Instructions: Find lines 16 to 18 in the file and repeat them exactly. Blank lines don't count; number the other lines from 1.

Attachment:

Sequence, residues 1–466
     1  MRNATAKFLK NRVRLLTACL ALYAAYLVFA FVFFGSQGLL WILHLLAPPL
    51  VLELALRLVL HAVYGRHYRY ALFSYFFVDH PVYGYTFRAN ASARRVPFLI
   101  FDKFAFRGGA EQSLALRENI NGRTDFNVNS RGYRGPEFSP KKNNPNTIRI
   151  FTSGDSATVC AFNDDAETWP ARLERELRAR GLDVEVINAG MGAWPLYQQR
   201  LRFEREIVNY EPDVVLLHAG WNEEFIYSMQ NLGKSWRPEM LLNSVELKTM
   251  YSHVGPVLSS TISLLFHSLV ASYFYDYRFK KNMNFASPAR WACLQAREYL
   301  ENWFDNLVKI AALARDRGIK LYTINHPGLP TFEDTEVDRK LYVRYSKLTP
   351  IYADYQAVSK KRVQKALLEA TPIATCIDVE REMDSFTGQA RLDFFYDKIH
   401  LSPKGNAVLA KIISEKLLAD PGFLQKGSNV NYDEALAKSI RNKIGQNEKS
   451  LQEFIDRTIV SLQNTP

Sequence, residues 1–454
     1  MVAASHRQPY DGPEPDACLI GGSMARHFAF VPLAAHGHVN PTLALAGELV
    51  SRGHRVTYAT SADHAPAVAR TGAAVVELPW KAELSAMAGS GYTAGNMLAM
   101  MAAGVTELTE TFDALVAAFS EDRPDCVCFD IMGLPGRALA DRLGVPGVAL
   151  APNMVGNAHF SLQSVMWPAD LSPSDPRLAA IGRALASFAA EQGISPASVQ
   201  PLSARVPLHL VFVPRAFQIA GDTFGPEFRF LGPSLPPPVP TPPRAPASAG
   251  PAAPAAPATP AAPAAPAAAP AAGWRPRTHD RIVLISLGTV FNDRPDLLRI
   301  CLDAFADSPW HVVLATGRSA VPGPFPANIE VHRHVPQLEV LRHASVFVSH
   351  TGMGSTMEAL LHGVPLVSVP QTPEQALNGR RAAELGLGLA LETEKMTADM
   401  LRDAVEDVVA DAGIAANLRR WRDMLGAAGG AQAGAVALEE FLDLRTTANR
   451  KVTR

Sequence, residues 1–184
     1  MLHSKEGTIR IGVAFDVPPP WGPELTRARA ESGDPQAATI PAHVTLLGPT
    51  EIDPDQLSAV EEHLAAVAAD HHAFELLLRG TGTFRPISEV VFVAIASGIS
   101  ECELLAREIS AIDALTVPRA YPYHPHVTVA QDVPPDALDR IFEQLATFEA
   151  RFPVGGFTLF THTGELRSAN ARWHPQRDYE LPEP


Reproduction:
   151  APNMVGNAHF SLQSVMWPAD LSPSDPRLAA IGRALASFAA EQGISPASVQ
   201  PLSARVPLHL VFVPRAFQIA GDTFGPEFRF LGPSLPPPVP TPPRAPASAG
   251  PAAPAAPATP AAPAAPAAAP AAGWRPRTHD RIVLISLGTV FNDRPDLLRI